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Saturday, November 26, 2022
Natalia Ruiz Díaz
ASUNCIÓN, Jun 18 2009 (IPS) - Video camera in hand, Isidro Romero is getting ready for another day of classes in the Paraguayan capital. He is studying Communications as part of a programme aimed at breaking down the barriers that have blocked access to university level studies by the country’s small indigenous minority.
As a result of an agreement signed by the public National University of Asunción (UNA) and the Paraguayan Indigenous Institute (INDI), the university has opened its doors to aboriginal peoples, starting with Romero, a Guaraní Indian, and nine other members of different native groups.
“This is just the start of a new openness, because a real opening up will require a long process of dismantling an internal culture in the public university, with respect to inter-ethnic relations,” Miguel López, the coordinator of Communications studies at the Faculty of Philosophy, told IPS.
The Faculty of Philosophy was the first to implement the programme this year, accepting two native students in five of its six study areas: Social Work, Communications, History, Educational Sciences and Psychology.
“There was no way I could possibly afford to study for a professional career, which I have wanted to do for a long time. I finally have the chance,” Romero, 40, who is now a first year Communications student, told IPS.
The indigenous students did not have to take the entrance exam, one of the requirements for acceptance to the public university in Paraguay, but they did have to take the entrance exam preparation courses.
The overall illiteracy rate in this landlocked South American country of 6.7 million people stands at five percent, but climbs to 39 percent among the country’s indigenous minority, who number just over 108,000, or two percent of the population, according to a 2008 survey of indigenous households by the statistics and census office (DGEEC).
Besides tiny white, black and Asian minorities, the rest of the population of Paraguay is of mixed Spanish and Guaraní descent.
And although both Spanish and Guaraní are official languages and 90 percent of the population speaks Guaraní (75 percent also speaks Spanish), indigenous people suffer inequality in every area: health, education, employment and access to basic services like running water and electricity. Six out of 10 indigenous people in Paraguay live in poverty.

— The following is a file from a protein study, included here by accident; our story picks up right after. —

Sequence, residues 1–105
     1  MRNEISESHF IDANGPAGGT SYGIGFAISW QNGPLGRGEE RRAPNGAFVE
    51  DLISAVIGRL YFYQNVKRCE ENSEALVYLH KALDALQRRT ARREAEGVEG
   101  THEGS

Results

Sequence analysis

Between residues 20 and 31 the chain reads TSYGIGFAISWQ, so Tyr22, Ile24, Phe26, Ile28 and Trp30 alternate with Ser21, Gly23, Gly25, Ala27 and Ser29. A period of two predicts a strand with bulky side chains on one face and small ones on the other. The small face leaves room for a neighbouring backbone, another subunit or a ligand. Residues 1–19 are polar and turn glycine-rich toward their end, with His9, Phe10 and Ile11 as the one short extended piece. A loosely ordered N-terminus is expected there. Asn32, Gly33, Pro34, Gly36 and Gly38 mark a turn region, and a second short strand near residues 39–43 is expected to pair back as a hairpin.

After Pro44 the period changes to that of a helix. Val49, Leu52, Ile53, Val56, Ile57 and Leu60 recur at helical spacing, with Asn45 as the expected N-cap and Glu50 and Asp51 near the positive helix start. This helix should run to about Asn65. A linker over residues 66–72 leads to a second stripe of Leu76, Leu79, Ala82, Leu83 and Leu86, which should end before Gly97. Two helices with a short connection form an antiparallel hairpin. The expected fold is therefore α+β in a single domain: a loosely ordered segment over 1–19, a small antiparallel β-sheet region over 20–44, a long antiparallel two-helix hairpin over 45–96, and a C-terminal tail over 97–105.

Although most indigenous people in Paraguay are Guaraní, the native population consists of 17 different ethnic groups, belonging to five linguistic families: Guaraní, Maskoy, Mataco Mataguayo, Zamuco and Guaikuru.
While Paraguayans over the age of 15 have an average of eight years formal schooling, among indigenous people the average is just three years. And at the tertiary level of education, there simply are no statistics on Amerindians.
All registration, library and exam fees have also been waived for the native students accepted by the Faculty of Philosophy.
However, each one of them is responsible for their own board and lodging in Asunción, which is far away from their home villages.
“The main obstacle is financial,” Lorenza Benítez, in charge of public policies in the National Coordinating Body of Indigenous Peoples (CONAPI), told IPS. “Native communities are far from the towns and cities where tertiary-level institutions are located. So, in order for them to have access to higher education, they need board and lodging and educational opportunities closer to home.”
Under the UNA/INDI agreement signed in November, the indigenous institute was to cover the living expenses of the Amerindian students studying in the capital. But problems in the administration of the institute, which answers to the central government, made that impossible.
Benítez said the government of centre-left President Fernando Lugo, a former Catholic bishop who took office in August 2008, has designed praiseworthy projects involving higher education, to be carried out by INDI. She added, however, that “There was talk about granting scholarships to indigenous students, for example, but it has remained just ink on paper.”
It is CONAPI that covers the expenses of young indigenous people studying to become teachers, because the teaching institutes, which are tertiary level, are located near their communities.
Authorities in the Faculty of Philosophy were prompted to open up spaces for indigenous students when they heard that there were Amerindian high school graduates studying to become teachers.
“We don’t know if this will continue, but at least we have laid the foundations. Whether or not the programme evolves will depend on INDI,” said López.
Because of the discrimination faced by indigenous people in Paraguay, one of the challenges undertaken by the programme is to provide the students with special support to help them cope with any prejudice they may face or the cultural clashes they may experience.
But Romero says he has had no problems in terms of the treatment received from his professors or fellow students. In fact, he and his classmates are organising a visit to his home village, to promote cultural exchange.
Romero says he chose Communications because he has taken part in training workshops on filmmaking.
“Indigenous people from Bolivia came and gave audiovisual workshops, and later I did an internship at a filmmaking institute in Bolivia,” says Romero, who was able to travel to the neighbouring country thanks to support from the Federation of Associations of Indigenous Communities, to which he belongs.
He turns his camera back on again, and as he films, he says proudly, “I have a project: a documentary on my time at the university.”
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